• Procedure: Scaling removes deposits above and below gumlines while root planing smoothes roots to facilitate healing and bacterial prevention. Local anesthesia may be used for comfort.

Periodontal Maintenance

  • Purpose: Individuals with a history of gum disease require ongoing cleanings to maintain oral health after initial treatment.
  • Procedure: Comprehensive inspections and clean teeth every three to four months to prevent recurrence.

Fluoride Treatment

  • Purpose: Fluoride strengthens enamel and prevents decay, especially for cavities-prone patients.  
  • Procedure: A concentrated fluoride solution promotes remineralization and enamel resistance to acids.

Air Polishing

  • Purpose: This gentler method removes surface stains, plaque, and biofilm.  
  • Procedure: Teeth are cleaned using high-pressure air, water, and small powder particles suitable for sensitivity.

Choosing the Suitable Dental Cleaning for You

When selecting a tooth cleaning, factors include oral health status, disease history, decay risk, comfort needs, cosmetic concerns, insurance coverage, and dentist recommendations. Regular cleanings are vital for oral and overall health maintenance.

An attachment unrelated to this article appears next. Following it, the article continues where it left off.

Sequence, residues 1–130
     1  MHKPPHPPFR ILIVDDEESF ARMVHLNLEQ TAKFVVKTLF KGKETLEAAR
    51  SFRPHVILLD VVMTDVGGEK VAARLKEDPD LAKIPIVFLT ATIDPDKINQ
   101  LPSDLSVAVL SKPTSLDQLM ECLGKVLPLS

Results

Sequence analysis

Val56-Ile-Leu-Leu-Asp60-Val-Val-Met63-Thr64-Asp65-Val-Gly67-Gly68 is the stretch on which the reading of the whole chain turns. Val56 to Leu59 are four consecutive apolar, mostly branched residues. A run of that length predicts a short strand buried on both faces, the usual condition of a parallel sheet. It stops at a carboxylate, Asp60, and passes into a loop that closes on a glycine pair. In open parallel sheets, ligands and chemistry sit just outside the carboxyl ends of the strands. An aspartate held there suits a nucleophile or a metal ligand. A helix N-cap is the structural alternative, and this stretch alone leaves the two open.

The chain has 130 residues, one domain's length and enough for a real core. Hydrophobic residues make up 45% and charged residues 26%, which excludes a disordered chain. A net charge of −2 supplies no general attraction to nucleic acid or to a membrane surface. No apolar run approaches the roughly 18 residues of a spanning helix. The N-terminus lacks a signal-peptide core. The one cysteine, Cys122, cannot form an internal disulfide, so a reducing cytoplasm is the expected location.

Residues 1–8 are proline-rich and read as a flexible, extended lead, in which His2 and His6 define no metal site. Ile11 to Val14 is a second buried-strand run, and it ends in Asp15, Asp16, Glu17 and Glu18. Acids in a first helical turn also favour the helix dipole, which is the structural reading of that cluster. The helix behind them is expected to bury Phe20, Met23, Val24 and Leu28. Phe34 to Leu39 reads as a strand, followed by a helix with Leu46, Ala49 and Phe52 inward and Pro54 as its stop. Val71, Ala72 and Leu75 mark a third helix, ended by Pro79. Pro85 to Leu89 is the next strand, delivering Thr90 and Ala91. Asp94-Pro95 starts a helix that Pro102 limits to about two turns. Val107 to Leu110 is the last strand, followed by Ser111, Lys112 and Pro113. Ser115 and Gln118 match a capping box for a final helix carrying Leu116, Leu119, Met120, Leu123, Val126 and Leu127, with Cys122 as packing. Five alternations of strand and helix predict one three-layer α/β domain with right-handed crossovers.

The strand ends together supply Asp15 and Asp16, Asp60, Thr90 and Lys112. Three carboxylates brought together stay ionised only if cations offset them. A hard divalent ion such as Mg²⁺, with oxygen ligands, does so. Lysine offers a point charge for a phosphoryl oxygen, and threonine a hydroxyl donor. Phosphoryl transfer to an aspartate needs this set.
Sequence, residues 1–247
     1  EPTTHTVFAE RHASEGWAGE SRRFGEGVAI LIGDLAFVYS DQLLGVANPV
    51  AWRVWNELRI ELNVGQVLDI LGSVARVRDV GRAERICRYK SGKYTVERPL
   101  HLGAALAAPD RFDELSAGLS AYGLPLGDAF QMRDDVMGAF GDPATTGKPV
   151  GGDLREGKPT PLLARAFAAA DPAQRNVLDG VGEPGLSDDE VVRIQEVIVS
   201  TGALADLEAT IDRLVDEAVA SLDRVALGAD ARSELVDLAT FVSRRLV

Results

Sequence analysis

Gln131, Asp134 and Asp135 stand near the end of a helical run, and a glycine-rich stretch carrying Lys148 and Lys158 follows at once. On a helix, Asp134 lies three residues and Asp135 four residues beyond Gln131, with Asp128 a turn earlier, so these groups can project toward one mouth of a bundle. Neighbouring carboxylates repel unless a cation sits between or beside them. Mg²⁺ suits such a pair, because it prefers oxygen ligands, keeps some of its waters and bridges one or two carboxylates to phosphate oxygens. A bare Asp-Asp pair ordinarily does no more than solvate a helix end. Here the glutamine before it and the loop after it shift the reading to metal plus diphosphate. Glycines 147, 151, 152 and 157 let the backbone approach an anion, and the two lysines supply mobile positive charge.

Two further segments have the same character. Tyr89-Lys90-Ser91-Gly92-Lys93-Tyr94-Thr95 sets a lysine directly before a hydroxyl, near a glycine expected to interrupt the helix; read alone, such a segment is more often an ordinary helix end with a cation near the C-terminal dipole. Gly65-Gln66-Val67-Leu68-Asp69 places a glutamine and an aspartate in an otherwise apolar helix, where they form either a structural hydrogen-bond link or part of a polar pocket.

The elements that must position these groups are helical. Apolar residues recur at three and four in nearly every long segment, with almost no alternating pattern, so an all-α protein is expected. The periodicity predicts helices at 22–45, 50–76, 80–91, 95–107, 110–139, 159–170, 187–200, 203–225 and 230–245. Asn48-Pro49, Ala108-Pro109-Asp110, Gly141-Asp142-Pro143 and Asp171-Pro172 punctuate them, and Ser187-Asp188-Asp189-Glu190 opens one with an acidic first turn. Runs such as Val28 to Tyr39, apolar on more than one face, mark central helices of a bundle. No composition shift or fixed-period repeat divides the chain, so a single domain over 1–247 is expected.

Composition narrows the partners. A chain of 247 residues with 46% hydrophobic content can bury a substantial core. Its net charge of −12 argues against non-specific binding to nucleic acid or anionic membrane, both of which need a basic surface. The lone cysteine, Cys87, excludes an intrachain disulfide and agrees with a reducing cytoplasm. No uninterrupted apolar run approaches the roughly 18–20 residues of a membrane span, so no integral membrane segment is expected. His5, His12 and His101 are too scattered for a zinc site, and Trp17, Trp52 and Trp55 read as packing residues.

Selecting a suitable method for dental cleaning of teeth is crucial for maintaining good oral hygiene and addressing unique dental needs. When determining the appropriate cleaning, consider the following factors:

Current Oral Health Status:  

Evaluate your present oral health status. If good oral hygiene is maintained and little plaque and tartar accumulation exist, a standard cleaning every six months may be adequate. If gingivitis symptoms or persistent halitosis are present, a more thorough cleaning may be necessary, such as scaling and root planing.  

History of Periodontal Disease:

Those with a history of periodontal disease may benefit from regular periodontal maintenance cleanings. These specialized cleanings aim to sustain gum health and prevent disease recurrence. Discuss with your dentist how frequently you should clean teeth or undergo periodontal maintenance cleanings (if previously treated for periodontal disease).